So, I am super excited. I have about a month and a half of Migrelief left and don’t want to waste it, but as soon as I’m down to about 2 weeks left I’m going to order the shit out of some all natural, 100% satisfaction guaranteed, Migraine Support Formula. The worst that can happen is that it won’t work, but I’ve had all of those ingredients before and know I can tolerate them. It will be interesting…

And… this is the first week in a month and a half that I haven’t had to use sick leave!  Appointment with Dr. “Manhands” tomorrow.

5 Comments Add yours

  1. pcooley says:

    Hi. I have been diagnosed with Chronic Migraine and was doing a search on Migraine Support Formula when I found your blog. All I can say is, Wow! You have encouraged me by reading some of what you have been through. I said a prayer for you as a read some of your posts.Did you ever try the migraine support formula? Did it help any?I was just wondering?PCooley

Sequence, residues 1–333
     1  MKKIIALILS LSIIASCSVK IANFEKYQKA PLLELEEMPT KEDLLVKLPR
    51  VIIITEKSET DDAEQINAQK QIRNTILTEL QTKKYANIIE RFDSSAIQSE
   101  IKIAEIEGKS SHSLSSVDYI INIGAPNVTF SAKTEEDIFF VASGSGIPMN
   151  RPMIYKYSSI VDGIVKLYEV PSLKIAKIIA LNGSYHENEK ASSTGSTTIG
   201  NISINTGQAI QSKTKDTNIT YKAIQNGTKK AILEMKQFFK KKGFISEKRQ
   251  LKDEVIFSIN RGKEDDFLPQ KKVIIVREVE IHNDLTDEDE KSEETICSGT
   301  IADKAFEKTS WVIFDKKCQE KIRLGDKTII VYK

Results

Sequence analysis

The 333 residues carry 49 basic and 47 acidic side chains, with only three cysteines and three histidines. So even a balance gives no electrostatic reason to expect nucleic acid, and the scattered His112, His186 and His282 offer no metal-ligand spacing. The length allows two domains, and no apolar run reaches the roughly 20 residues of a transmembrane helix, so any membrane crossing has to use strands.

2. elizabeth says:

    Hello! Thanks so much for your kind words, and it means so much to me that you were encouraged by my experience. Unfortunately, the Migraine Support Formula, which I was so excited about, did not work for me because of side effects. It has so many ingredients that it was hard to identify which one was the problem but I think it was the DHEA interacting with my antidepressant. The company did what it promised though and returned my money. In that way, you really have nothing to lose by giving it a try yourself. Good luck! Lately I have been doing a bit better through Botox every 90 days and Corgard (but it lowers my BP so much I have to occasionally take a BP *raising* med, which triggers headaches of course). It is a long, frustrating road but the right doctor can make all the difference. Take care. ~elizabeth

    1. ladymigraine says:

      [actually, it was not DHEA but 5-HTP that was the severe side-effect culprit. sorry; i blame migraine brain for the mis-type! ~ elizabeth]

  3. Lori says: